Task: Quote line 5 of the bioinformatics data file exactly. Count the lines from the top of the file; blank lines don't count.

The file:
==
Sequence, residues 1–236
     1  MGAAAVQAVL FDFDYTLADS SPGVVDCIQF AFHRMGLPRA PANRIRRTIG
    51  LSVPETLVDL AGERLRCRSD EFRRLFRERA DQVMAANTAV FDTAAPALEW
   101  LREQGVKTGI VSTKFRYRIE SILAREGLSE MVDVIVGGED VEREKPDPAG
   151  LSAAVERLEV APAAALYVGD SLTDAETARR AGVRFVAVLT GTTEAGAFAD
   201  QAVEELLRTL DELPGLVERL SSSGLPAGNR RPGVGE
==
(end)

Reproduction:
   151  LSAAVERLEV APAAALYVGD SLTDAETARR AGVRFVAVLT GTTEAGAFAD